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Price at the Pump

Posted by kdadmin on January 14th, 2015.

Have you noticed that the gas price at the pump is significantly lower than it was just a few months ago? Right. It’s actually down about $0.92 per gallon from its high on July 31, 2014. That’s nearly 24%.

Now, what does simple math tell you? IF, the USA used about the same 134.51 billion gallons it did in 2013 (Source: EIA), how much could a cost reduction of $0.92 per gallon save the USA gasoline consumers? Right. $123.75 BILLION.

Now for the obvious part. IF the energy sector represents about 9% of the S&P 500, and IF the energy sector is already down about 23% since July 31, 2014 (represented by the ETF XLE), due to a roughly 55% drop in oil prices, what’s going to happen to that $123.75 billion in potential gasoline consumer savings? Since it’s not going into the oil company’s pockets, doesn’t it make sense that maybe, just maybe, a significant portion of it could go into the coffers of the OTHER 91% of companies in the S&P500?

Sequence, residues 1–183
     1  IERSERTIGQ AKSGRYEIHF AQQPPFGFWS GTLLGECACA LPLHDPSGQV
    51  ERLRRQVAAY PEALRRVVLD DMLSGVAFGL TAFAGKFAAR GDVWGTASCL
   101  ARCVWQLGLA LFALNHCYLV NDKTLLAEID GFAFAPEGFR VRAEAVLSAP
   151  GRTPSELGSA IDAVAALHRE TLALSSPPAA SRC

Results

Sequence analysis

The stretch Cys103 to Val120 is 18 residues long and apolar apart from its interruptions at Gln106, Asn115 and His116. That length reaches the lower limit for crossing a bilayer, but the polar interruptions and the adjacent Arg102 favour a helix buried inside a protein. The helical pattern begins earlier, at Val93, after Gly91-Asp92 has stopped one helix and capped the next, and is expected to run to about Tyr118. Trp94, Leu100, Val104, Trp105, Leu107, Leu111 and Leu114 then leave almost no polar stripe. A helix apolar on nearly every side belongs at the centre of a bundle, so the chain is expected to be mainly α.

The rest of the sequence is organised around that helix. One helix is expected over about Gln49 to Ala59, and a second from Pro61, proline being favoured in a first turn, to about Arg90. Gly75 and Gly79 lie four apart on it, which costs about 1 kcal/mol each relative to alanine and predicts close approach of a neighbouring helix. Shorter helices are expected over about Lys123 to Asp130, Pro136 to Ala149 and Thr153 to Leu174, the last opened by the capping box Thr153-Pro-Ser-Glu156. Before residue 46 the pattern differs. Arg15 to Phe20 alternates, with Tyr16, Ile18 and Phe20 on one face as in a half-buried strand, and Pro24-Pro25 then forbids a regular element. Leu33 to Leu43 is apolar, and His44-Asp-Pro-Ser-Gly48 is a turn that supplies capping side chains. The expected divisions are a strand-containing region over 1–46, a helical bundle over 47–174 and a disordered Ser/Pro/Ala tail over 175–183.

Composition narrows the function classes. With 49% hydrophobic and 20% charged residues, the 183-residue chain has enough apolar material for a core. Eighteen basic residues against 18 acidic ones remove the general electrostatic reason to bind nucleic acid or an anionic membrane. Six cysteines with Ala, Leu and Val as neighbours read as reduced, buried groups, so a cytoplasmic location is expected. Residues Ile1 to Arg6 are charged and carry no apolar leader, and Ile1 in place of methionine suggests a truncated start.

Sometimes seeing is believing; if so, take a gander at the following chart, or at my other Global Markets posts.

Price at the Pump

So, what have you got if you couple the lowest unemployment rate we’ve seen in years (more income) with oil cost savings of $123.75 billion burning a hole in the pocket of gasoline consumers (lower prices), add in ultra low federal lending rates (cheap interest costs), strong corporate balance sheets (opportunity for capital investment), the smallest USA budget deficit since 2007 (strong government), AND one of the more stable economies (USA) on the globe?

At the bare minimum, you’ve got no reason to panic about oil prices or January market volatility.


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